Today’s quiz: the following grocery shopping stories represent:
a. Innovative, ‘out of the box” thinking
b. The new low of imagination and creativity we’ve reached as a society in general and specifically, a new low in our culinary endeavors
c. Spectacular time-savers
d. All of the above
Tonight my husband and I wandered through the spice aisle at Wegmans, looking for a large container of dried red pepper. Didn’t find one but I did come across a new kind of product, which has to be almost unheard of in the spice industry right?
I have to imagine the marketing teams at McCormick spent years talking about ways to improve their sprinkle tops, new spice combinations they could sell to novice cooks, and other ways they could somehow infuse new life – spice up if you will – their grocery store SKUs. But I ask you: how many cinnamon combinations, flavors of pepper, or “crusting” blends can you make? I checked them out online and turns out you can make as many as the market will bear but tonight, I found a real innovation.
Whoever conceived this product should be given an enormous bonus, given that fact that we all say we’re so busy, busy, busy all the time. Basically, the new packaging contains an exact selection of assorted spices, in exactly the right amounts, that will help anyone create flavorful main dishes. To talentless cooks like me, this means I will never again have to pull out the measuring spoons, check the spice cabinet for orange zest, chip a nail opening the ‘pour’ section of the plastic top, or over-pour a few extra teaspoons of paprika into the sink.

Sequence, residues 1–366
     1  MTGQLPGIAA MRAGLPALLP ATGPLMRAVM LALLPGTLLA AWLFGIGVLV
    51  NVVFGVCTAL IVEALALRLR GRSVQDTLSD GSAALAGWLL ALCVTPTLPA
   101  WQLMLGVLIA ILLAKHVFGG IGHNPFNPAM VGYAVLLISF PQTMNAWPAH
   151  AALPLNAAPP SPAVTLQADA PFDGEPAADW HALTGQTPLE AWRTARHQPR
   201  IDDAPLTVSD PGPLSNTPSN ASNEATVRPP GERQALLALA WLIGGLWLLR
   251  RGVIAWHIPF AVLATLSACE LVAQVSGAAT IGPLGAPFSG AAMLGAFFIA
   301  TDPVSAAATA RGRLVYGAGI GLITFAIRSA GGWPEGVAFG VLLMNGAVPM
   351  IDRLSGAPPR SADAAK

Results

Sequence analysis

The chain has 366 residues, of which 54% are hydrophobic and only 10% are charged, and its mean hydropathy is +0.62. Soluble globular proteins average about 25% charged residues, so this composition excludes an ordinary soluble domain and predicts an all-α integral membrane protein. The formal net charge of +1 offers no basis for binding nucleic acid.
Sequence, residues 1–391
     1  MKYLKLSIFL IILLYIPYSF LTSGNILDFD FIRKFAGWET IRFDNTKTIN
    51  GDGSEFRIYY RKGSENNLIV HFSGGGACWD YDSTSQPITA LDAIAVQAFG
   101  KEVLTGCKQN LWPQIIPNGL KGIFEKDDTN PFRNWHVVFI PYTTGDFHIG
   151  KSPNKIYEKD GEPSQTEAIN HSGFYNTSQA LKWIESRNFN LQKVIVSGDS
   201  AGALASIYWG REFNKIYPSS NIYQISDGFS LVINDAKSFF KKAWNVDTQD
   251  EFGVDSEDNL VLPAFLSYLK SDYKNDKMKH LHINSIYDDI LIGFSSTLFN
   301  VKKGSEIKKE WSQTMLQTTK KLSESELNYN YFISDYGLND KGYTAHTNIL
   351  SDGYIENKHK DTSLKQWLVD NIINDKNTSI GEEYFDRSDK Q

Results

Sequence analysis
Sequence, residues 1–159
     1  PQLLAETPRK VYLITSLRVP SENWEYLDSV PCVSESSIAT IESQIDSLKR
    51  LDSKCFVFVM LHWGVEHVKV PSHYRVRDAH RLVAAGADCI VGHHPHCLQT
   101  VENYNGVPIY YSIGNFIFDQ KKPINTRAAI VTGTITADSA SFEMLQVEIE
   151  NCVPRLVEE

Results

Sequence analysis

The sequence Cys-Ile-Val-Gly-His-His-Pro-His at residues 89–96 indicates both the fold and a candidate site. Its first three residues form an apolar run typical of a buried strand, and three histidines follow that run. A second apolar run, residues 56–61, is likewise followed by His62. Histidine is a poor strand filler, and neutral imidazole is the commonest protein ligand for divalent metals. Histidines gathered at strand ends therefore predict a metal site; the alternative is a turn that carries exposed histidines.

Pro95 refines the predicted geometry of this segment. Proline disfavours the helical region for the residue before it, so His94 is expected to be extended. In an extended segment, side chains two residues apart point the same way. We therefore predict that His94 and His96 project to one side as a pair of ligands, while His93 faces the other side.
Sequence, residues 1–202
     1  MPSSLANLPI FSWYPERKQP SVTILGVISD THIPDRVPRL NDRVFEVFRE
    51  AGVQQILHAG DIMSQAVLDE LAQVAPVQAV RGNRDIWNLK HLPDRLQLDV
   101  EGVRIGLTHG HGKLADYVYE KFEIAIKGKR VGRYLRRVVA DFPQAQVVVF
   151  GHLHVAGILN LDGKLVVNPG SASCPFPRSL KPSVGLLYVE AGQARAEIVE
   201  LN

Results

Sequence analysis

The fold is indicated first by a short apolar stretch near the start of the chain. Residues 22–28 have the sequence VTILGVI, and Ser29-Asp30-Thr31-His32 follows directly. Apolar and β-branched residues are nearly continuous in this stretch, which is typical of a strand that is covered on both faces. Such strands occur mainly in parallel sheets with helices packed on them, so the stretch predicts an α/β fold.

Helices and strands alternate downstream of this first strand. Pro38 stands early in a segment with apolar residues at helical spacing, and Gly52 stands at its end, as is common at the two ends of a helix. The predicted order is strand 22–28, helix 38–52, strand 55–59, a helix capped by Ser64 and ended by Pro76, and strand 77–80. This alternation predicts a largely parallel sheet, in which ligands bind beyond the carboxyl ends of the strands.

Nope, that kind of old-fashioned, season-as-you-go cooking is so 2009. We can say goodbye to recipe personality, creative cooking and one-of-a-kind dishes. But isn’t that a small price to pay for tear it open, shake it on and ta-da! Perfect pork chops infused with apple spices (and at least five other spices I can’t remember right now.) We reviewed the entire line of new spices-make-the-meal combinations. Then we put them all back in their slots.
Across the aisle we found the perfect dessert. In a little single-serve cup. Just add water. Then microwave it for about 40 seconds. I wanted the black velvet cake with caramel sauce; my husband wanted the bananas foster, also with caramel sauce. After about fifteen seconds of imaginary sugar-infused joy, I turned the box and read the list of ingredients. God knows. We put the boxes back on the shelf.
So there you have it. Pre-measured spices that turn a pork chop into a meal. A cup of premixed dry ingredients that after half a minute in a microwave emerges as a gooey, hot dessert. Hey, I like convenience as much as the next person but this is almost too much. This sort of thing is the exact opposite of a nutritious, healthy diet program called “mindful eating.” This is “mindless cooking” that results in “mindless eating.” We could take a step back even further and call this kind of grocery store experience “mindless shopping.” By mindless consumers who seemingly stopped thinking a long time ago.